IN RE: Bruce Edward BABBITT (Thornberry Fee Application).
O R D E R
This matter coming to be heard and being heard before the Special Division of the Court upon the petition of B. J. Thornberry for reimbursement of attorneys' fees and costs pursuant to section 593(f) of the Ethics in Government Act of 1978, as amended, 28 U.S.C. § 591 et seq. (1994), and it appearing to the court for the reasons set forth more fully in the opinion filed contemporaneously herewith* THAT THE PETITIOn is not well taken, it is hereby
ORDERED, ADJUDGED, and DECREED that the petition of B. J. Thornberry for attorneys' fees she incurred during the investigation by Independent Counsel Carol Elder Bruce be denied.
ON APPLICATION FOR ATTORNEYS' FEES
B. J. Thornberry petitions this court under section 593(f) of the Ethics in Government Act of 1978, as amended, 28 U.S.C. § 591-599 (2000) (the “Act”), for reimbursement of attorneys' fees in the amount of $4,163.61 that she incurred during and as a result of the investigation conducted by Independent Counsel (“IC” or “OIC”) Carol Elder Bruce. Because we conclude that Thornberry has not carried her burden of showing that she was a subject of the investigation or that the fees would not have been incurred but for the requirements of the Act, we deny the petition in its entirety.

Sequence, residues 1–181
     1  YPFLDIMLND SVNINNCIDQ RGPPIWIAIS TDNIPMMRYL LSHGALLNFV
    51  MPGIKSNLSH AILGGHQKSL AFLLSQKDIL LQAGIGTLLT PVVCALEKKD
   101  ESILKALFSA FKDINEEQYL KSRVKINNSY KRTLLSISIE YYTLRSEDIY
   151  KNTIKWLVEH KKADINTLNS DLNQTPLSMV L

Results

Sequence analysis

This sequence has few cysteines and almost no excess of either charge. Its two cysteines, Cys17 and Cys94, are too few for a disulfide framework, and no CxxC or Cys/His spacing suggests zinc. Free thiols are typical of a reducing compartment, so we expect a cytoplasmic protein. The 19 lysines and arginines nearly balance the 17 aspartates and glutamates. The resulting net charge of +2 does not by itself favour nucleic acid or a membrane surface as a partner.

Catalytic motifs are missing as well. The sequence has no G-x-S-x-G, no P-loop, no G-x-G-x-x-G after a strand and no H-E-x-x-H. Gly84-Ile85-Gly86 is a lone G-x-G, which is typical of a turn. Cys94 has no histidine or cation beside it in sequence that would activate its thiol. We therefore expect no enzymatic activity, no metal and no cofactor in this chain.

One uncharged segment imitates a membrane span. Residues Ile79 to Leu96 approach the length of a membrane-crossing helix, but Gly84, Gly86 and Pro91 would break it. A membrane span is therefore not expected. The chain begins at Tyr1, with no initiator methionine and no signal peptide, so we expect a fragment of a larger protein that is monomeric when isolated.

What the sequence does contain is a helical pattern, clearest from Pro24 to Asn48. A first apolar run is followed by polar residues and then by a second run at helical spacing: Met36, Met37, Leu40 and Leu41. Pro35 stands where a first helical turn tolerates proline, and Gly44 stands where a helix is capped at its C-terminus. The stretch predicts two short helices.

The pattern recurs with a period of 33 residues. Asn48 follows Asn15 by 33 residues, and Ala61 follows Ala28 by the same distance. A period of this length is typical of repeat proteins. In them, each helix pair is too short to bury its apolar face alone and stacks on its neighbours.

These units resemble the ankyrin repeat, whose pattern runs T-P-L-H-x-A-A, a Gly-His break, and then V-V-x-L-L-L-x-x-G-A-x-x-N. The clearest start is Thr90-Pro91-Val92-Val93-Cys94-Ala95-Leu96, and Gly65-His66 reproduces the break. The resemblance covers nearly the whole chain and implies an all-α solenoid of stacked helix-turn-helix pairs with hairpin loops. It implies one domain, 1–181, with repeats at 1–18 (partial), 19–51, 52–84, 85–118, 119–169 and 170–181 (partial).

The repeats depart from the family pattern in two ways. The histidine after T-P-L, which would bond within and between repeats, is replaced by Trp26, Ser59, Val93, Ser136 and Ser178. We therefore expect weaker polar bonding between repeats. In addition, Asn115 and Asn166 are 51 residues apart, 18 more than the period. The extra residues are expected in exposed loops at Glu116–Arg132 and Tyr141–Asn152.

The facts of the investigation conducted by IC Bruce are set forth in detail in In re Babbitt (Babbitt Fee Application), 290 F.3d 386 (D.C.Cir., Spec.Div., 2002). For present purposes, we briefly note that IC Bruce was appointed to investigate allegations that the White House had improperly influenced the 1995 decision of the U.S. Department of the Interior (“DOI”) to deny the application of three Indian tribes to take off-reservation land into trust in order to establish a casino on the property, and that Secretary of the Interior Bruce Babbitt had lied about the decision to Congress. The allegations concerning the denial included contributions of a substantial amount of money to the Democratic National Committee and other Democratic interests by certain Indian tribes opposed to the casino and that the DOI's decision to deny the casino application was influenced by these donations. B. J. Thornberry, the fee petitioner here, was Executive Director of the DNC from 1996 to 1998; she had been a Deputy Assistant Secretary at DOI from 1993 to 1994; and she had also held the position of Deputy Chief of Staff at DOI. In the IC's Final Report, Thornberry's only mention is a brief entry in a description of the DNC's 1996 fund-raising efforts involving an Indian tribe. Final Report of the Independent Counsel In re: Bruce Edward Babbitt at 345.